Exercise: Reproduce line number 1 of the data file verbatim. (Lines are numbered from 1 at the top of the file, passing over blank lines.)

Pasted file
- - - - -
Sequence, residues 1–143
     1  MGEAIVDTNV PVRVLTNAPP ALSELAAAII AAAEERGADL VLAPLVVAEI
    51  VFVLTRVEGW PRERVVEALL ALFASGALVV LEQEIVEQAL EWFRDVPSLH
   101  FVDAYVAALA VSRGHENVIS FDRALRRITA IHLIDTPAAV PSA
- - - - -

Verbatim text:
Sequence, residues 1–143